The use of groundwater in real terms would be much less than what has been predicted earlier, and that it does not deplete the water table as apprehended earlier.
The latest researches on the ground water levels in Bangladesh have made such revelations at a time when concerns were deepening among the policymakers due to excessive mining of groundwater for irrigation purposes.
The findings shared at a webinar on Sunday showed that the water usage for one kilogramme of paddy production in Boro season is only 1,606 litres on average and 40 per cent of the used water refills the groundwater level through percolation and seepage.
So, studies suggested, the actual use of water for one kg of Boro output would be only 550-650 litres, which is much lesser than 3,000-5,000 litres as estimated previously.
The Bangladesh Rice Research Institute (BRRI) organised the webinar styled 'Groundwater Sustainability and Rice Production in North-West Bangladesh'. Two studies were presented at the webinar.
The BRRI in collaboration with the Commonwealth Scientific and Industrial Research Organization (CSIRO) and University of Southern Queensland (USQ) and ACIAR, Australian Aid have conducted different studies on the issue in the last five years in Barind and northern regions.
Chief scientific officer BRRI Irrigation and Water Management Department Dr Md Moniruzzaman presented the research report titled "How much water required to produce 1.0 kg of Boro rice?" while principal research scientist of CSIRO, Australia Mohammed Mainuddin presented the document on 'Sustaining groundwater irrigation for food security in the northwest region of Bangladesh".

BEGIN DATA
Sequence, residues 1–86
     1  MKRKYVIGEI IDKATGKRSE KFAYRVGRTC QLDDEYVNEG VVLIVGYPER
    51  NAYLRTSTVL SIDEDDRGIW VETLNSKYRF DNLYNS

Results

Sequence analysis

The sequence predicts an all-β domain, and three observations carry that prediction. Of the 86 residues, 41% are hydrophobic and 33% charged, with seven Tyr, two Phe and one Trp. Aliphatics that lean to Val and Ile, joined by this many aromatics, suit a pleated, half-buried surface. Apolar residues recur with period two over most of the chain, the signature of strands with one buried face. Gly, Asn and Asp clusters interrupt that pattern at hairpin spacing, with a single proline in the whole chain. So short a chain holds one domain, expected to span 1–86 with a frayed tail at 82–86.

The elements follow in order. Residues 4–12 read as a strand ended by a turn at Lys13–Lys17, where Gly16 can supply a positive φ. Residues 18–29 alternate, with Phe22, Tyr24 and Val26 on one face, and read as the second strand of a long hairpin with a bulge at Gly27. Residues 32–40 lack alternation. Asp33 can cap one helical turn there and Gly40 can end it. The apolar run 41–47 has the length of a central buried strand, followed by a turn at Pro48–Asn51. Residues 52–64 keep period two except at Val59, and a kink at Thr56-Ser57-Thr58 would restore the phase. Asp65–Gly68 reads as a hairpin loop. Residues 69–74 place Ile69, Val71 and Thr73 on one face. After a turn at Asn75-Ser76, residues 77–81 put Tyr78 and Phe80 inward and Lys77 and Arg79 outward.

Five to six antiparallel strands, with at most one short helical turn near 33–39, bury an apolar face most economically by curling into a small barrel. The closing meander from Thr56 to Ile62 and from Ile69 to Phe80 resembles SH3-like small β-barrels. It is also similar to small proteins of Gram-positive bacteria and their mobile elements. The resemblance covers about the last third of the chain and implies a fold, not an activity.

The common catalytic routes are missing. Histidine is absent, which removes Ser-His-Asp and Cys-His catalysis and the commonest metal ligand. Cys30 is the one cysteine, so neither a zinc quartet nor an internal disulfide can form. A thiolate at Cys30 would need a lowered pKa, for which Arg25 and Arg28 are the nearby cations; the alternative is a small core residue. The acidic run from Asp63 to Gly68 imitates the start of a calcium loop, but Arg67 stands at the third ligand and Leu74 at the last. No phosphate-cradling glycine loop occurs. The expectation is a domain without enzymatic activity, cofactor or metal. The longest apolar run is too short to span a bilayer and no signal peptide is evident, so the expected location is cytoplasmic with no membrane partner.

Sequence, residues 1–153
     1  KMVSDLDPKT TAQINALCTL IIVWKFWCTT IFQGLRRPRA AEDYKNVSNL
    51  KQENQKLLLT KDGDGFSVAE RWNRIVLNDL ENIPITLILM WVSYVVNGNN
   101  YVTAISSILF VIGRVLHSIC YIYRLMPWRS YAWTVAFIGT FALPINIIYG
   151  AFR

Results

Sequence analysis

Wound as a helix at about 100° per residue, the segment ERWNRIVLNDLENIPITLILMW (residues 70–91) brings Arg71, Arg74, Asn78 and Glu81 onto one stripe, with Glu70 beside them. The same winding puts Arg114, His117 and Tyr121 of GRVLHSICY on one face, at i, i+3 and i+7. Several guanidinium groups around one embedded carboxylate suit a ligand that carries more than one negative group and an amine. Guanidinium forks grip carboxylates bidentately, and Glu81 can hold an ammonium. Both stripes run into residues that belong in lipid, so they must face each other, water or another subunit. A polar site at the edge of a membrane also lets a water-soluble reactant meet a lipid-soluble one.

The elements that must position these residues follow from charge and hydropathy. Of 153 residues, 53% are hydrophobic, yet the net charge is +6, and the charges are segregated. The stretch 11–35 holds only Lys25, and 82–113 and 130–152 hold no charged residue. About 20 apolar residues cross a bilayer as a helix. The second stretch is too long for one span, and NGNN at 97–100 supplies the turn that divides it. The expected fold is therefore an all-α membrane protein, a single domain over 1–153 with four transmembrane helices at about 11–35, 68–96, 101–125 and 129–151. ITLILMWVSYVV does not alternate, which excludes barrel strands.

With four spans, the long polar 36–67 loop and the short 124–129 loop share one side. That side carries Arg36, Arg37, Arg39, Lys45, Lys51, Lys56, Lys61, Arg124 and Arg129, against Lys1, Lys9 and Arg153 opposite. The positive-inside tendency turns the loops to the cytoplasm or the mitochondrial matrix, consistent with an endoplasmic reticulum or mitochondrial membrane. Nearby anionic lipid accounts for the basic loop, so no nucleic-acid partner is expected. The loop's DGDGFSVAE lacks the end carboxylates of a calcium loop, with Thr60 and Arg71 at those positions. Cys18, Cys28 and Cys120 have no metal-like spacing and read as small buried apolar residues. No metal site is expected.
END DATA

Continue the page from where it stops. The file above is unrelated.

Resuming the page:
Taking part in the discussion, agriculture minister Dr Muhammad Abdur Razzaque pointed out that there were confusions about water usage for Boro production, but these latest studies have helped remove such perception thanks to the new findings.
He said the government already has adopted irrigation management to minimise the groundwater usage for irrigation and these new studies will further help us take appropriate policies.
Professor Emeritus and former vice chancellor of Bangladesh Agricultural University Dr MA Sattar Mandol, however, pointed out that Boro cultivation was not the lone factor responsible for the groundwater level depletion in the north-western part of the country.
"Due to minimum flow of water in the rivers, canals and beels in the north-west during the dry season, a portion of the groundwater flows into the rivers as its base-flow," he said.
He also pointed out that the flood water first fills the gap of the groundwater that was extracted, thus reducing the intensity of the flood.
Former director general of Department of Agricultural Extension (DAE) Hamidur Rahman said that in order to manage sustainable groundwater in the north-west, it is necessary to increase the use of surface water through adopting an integrated approach.
"Water conservation in rivers and canals would enable successful cultivation of paddy and other crops in the north-west," he said.
BRRI director general Dr Shahjahan Kabir said the perception that the groundwater level is going down due to the Boro irrigation across the country was not correct. It can happen only in a few areas of the Barind region, he added.
He also pointed out that the underground aquifers act as a water reservoir. So, there is no need to be distracted by such misinformation, he said.
Agriculture secretary Md Sayedul Islam, executive chairman of the Bangladesh Agricultural Research Council Shaikh Mohammad Bokhtiar, chairman of Bangladesh Agriculture Development Corporation AFM Hayatullah, director general of DAE Md Benazir Alam and executive director of Barind Multipurpose Development Authority Md Abdur Rashid also spoke among others.
The studies also showed that the Boro cultivation area in the north-west remained almost static at 1.6 million hectares for the last one decade, but the production increased due to increased use of the high-yielding varieties.
The studies recommended that use of the high-yielding varieties and adopting modern cropping pattern-based cultivation could further increase the productivity of the land and facilitate economic use of the crop water.